Currently, domestic EOW incidents share the largest amount of claims for most insurers overtaking theft and fire claims [ref, ref, ref]. These payouts are only becoming more expensive with a reported 30% increase at the beginning of 2021 [ref]. Insurance companies are thus recognizing the importance of these risks which has led to firms adopting more data-based models and analytics into understanding their nature. For example, Hiscox, as a leading UK insurer, has provided free leak detectors to all its building insurance customers [ref]. 

Furthermore, the smart home device market is also growing strongly at a CAGR of 10.4% to reach 138.9B by 2026 [ref] which shows the demand for devices that benefit homeowners’ quality of living. Whilst smart solutions cater for home security, air quality and energy usage, this is already expanding to water leak detection considering its serious costs.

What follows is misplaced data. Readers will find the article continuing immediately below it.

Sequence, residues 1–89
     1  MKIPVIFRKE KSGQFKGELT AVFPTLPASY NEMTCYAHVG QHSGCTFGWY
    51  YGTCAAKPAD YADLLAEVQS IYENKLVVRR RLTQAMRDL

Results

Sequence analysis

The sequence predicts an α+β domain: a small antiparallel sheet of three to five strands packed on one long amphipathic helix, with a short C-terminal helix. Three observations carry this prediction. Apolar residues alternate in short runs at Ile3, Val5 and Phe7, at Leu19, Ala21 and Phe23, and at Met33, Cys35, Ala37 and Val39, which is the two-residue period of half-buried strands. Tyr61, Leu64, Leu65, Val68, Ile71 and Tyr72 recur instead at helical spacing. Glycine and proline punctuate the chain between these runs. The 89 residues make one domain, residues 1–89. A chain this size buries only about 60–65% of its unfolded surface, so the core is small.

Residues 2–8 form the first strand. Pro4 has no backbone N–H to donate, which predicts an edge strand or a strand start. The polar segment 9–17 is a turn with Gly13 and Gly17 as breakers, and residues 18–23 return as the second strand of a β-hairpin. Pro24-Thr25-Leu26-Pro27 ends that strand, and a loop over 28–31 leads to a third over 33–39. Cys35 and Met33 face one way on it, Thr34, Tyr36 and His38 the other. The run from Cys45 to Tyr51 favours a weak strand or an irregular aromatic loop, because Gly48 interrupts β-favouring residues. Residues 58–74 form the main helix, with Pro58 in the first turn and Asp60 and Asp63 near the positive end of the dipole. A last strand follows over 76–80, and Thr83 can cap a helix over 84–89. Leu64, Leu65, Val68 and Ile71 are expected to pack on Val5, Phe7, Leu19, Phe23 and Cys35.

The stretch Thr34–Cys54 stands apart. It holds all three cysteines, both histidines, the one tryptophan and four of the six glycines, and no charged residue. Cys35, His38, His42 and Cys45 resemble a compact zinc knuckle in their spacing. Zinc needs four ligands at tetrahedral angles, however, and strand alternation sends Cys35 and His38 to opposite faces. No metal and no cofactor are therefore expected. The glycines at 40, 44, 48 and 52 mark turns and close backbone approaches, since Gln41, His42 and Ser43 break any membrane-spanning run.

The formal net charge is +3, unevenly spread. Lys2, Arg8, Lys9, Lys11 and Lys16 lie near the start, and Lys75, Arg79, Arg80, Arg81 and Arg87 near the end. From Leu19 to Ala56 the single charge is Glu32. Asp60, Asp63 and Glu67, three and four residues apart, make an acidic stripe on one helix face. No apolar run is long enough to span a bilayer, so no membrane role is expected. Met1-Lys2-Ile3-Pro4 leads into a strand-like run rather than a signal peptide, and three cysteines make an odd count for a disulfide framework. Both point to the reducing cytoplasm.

Sinks, whether in the kitchen or bathroom are a key source of water leaks, but what adds to the cost of incidents are the surrounding furnishings. There has been a growing demand for personalized homes in the US, as shown by the growing market for modular kitchens to reach $9B by 2026 [ref] and prefabricated bathrooms at $2.95B by 2027 [ref]. These modern construction methods mean that more plumbing is concealed, obscuring the ability to notice leaks. Additionally, leaks can spread to damage adjacent units easier, and even if only a small area is damaged, replacing an individual section is much more costly with modular designs.

Bathroom sink is modern bathroom

Sinks can damage costly furnishings